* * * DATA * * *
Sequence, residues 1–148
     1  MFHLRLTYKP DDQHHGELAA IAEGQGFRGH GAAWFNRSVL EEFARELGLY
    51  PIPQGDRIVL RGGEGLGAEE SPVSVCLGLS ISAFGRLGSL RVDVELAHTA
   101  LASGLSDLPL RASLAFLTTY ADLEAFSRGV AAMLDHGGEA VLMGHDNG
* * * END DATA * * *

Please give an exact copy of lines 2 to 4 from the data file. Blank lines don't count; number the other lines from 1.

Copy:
     1  MFHLRLTYKP DDQHHGELAA IAEGQGFRGH GAAWFNRSVL EEFARELGLY
    51  PIPQGDRIVL RGGEGLGAEE SPVSVCLGLS ISAFGRLGSL RVDVELAHTA
   101  LASGLSDLPL RASLAFLTTY ADLEAFSRGV AAMLDHGGEA VLMGHDNG